For more finance and investment real estate opportunities research organisations such as Deloitte, Morgan StanleyWells FargoBlackstone, and BNP Paribas

Develop commercial awareness and knowledge of the industry by taking part in relevant extra-curricular activities such as being an active member of a student society. Keep up to date with the sector news by reading the Financial Times or Property Week.

Learn more about real estate finance with Coursera and other MOOC online courses. 

Further study or certification required

You can get a job in property without a property-related degree. Many employers want the best graduate talent, and will sponsor you through a postgraduate property qualification accredited by the Royal Institution of Chartered Surveyors (RICS) if needed.

Becoming a Chartered Surveyor involves passing the APC and gaining professional accreditation from the professional body for this area, the Royal Institution of Chartered Surveyors (RICS). Your degree may already give you exemptions from some papers (e.g. Land Economy).

Accredited professional qualifications for graduates to become Chartered Town Planners can be found at Royal Town Planning Institute (RTPI). 

How to find employers or training courses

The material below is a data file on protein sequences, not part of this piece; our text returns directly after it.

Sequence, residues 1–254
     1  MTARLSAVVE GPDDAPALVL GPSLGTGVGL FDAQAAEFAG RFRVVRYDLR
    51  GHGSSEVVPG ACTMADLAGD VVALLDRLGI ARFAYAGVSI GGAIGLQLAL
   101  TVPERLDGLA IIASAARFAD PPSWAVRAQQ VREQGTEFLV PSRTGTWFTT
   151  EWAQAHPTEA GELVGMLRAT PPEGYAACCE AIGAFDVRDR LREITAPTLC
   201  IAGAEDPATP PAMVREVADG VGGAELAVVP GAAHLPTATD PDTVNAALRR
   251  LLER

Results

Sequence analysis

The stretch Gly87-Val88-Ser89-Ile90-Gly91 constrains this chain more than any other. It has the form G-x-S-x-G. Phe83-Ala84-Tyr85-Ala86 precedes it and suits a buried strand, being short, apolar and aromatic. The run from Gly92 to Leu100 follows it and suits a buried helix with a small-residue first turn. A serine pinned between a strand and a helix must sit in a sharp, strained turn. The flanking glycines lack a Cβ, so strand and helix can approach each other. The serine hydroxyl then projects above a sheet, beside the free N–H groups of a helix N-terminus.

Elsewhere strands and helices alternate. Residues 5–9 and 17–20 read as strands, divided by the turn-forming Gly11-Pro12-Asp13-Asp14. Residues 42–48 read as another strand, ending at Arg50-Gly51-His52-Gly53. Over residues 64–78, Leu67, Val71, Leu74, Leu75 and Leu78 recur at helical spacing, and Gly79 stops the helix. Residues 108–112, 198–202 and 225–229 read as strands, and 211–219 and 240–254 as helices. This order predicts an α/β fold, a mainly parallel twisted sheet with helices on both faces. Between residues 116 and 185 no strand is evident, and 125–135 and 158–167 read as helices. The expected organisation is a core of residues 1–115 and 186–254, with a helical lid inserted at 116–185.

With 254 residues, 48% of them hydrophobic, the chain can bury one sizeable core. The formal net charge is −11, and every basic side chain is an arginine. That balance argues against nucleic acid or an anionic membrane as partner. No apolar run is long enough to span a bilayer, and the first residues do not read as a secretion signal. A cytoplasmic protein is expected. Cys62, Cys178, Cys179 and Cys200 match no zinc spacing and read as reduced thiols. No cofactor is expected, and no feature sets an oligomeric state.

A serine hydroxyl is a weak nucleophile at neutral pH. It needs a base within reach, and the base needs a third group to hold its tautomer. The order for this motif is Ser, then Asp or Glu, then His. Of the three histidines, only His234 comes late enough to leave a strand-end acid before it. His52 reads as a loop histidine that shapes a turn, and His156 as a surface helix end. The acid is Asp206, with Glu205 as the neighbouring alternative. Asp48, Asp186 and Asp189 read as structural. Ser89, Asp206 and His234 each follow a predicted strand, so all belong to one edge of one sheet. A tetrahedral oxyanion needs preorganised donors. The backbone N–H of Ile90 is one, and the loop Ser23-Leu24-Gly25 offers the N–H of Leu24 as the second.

• Targetjobs lists the top 300 employers in property
  • Prospects has a list of the most common employers in Property and construction
  • The University’s Land Society has an annual Careers in Property Fair in the Autumn, which attracts companies such as British Land, Homes England, Knight Frank, Deloitte, Grosvenor, and GIC
  • Search for events and Careers Fairs on Handshake


There are many specialized Masters’ courses for certain aspects of Real Estate if you are thinking of starting a permanent job in a more niche area. Some courses include RICS accreditation.

Tips for succeeding in the application or selection process

Do your research and be prepared. Employers want to see genuine passion for wanting to work in this field. Demonstrating a personal story will help improve your chances of success.

What Cambridge offers to help with this career